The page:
Amsterdam Museum Exhibits Ai WeiWei’s Controversial “Safe Passage” Installation For Syrian Migrants
In Berlin, Chinese artist Ai Weiwei covered the outdoor columns of the city’s main concert hall, Konzerthaus, with 14,000 refugee life jackets. In the middle of the columns, Ai placed a black rubber boat with “Safe Passage” written on it.
German authorities removed the jackets days after Ai placed them on the Konzerthaus’ columns, bringing its facade back to its usual state. The controversial installation has made its way to Amsterdam and will be on show at the Foam museum starting in September.
The exhibition is a personal one for the famous artist. As a political refugee who lived under constant government surveillance, Ai feels related to the growing influx of refugees attempting to enter Europe. Since his first visit to the Greek island of Lesbos in December 2015, he and his team have traveled to refugee camps all around the Mediterranean, including in Syria, Turkey, Italy, Israel and France.
The exhibition #SafePassage will deal with the fate of the individual versus the overruling systems of society, switching from Ai Weiwei’s personal experiences as a refugee of the Chinese Government, to the hundreds of thousands refugees and migrants who risked their lives to reach Europe, only to find their path barred by a succession of border closures.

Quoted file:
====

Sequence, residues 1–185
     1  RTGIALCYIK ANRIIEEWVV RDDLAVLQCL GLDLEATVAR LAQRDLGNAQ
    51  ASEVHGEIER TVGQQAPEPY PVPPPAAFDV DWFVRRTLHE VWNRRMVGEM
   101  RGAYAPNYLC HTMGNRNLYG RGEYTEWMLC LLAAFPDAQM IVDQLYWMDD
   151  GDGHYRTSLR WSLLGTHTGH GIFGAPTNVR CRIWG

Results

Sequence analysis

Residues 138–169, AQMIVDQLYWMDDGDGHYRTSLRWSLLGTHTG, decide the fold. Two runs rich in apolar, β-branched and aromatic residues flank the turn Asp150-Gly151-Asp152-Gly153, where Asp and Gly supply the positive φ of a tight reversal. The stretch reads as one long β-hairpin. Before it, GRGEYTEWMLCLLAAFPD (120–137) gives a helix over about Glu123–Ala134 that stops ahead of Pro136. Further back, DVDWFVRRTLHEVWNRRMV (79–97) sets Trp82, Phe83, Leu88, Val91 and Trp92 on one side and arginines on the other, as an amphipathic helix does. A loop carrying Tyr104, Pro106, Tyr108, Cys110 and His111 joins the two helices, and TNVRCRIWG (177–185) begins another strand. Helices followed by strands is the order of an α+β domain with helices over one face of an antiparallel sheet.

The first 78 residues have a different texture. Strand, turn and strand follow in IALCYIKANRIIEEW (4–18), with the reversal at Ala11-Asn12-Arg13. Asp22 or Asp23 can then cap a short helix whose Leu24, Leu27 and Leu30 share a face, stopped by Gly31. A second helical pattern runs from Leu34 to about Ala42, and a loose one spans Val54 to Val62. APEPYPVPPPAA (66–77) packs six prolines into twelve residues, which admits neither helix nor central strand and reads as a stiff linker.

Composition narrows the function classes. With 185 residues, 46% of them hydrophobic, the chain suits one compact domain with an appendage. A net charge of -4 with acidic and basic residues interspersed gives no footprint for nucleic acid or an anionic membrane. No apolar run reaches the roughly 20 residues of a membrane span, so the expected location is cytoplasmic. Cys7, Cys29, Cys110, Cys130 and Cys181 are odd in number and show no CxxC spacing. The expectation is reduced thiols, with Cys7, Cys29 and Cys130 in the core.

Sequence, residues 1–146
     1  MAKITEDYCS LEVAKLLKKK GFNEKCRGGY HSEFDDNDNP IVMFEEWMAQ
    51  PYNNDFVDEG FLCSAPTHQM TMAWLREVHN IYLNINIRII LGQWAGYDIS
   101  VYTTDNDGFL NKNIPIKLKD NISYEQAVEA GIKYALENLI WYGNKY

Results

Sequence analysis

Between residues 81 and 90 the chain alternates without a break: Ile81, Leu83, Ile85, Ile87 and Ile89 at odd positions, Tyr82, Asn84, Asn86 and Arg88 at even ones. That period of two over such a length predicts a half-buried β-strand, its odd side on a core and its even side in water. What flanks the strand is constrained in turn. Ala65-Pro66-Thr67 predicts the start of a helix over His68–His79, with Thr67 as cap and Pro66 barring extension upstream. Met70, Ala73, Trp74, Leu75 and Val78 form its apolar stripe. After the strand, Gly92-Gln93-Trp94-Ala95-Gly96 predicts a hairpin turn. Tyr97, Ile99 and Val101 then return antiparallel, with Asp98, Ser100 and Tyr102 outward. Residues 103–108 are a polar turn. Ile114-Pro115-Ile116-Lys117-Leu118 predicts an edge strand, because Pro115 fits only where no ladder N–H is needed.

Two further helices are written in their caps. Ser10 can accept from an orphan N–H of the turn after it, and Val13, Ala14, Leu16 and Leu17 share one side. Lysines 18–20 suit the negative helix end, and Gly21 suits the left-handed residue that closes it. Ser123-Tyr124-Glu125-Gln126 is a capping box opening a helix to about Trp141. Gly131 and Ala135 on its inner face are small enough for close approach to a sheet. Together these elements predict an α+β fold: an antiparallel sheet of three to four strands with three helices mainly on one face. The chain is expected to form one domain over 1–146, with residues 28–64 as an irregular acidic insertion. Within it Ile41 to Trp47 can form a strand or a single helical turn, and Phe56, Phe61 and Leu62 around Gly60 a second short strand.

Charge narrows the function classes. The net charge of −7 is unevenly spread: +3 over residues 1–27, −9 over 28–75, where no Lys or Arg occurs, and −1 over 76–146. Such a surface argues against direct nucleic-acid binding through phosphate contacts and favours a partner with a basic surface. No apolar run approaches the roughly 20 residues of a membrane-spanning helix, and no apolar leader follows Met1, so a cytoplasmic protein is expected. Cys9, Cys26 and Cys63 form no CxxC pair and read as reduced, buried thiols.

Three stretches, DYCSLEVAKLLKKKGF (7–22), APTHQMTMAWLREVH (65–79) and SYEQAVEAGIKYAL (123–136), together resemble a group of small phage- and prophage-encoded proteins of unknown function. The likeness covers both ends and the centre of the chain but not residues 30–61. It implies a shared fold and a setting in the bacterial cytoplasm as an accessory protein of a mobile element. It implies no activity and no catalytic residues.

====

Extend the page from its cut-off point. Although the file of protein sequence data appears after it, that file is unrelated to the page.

Alongside marble sculptures and films, Ai Weiwei will cover the walls of Foam with thousands of photographs taken on his mobile phone. This immense collage will reflect on all the personal encounters the artist has had with individuals and the tragic situation unfolding in the Mediterranean, bringing to our attention what is, in his own words, “the biggest, most shameful humanitarian crisis since World War II”.
Ai had gathered the bright orange jackets during a visit to Lesbos, a Greek island through which thousands of refugees have passed from the Middle East to Europe. The jackets are meant to represent the individuals who have drowned at sea while on their journeys.
As part of the Cinema for Peace gala at the concert hall, where Ai was an honorary president, the artist aimed to increase awareness of the refugee crisis with this installation, while also criticizing certain Europeans’ responses to it.
Along with most of Europe, Germany has seen tens of thousands of Middle Eastern refugees flock to its country in recent months. Though centers have been created to aid refugees, several anti-refugee organizations have emerged in Germany, with some, like Patriotic Europeans Against the Islamisation of the West (PEGIDA) spreading to neighboring countries such as the Czech Republic and Denmark. PEGIDA has staged multiple demonstrations and protests against refugee immigration in Germany and beyond.
While some people appreciated Ai’s installation for raising awareness and honoring these lost lives, others have been more critical. Artnet’s Hili Perlson wrote that it was an “offensively tasteless photo op.”
The installation will be on show from from Friday, September 16, 2016 to Wednesday, December 7, 2016.
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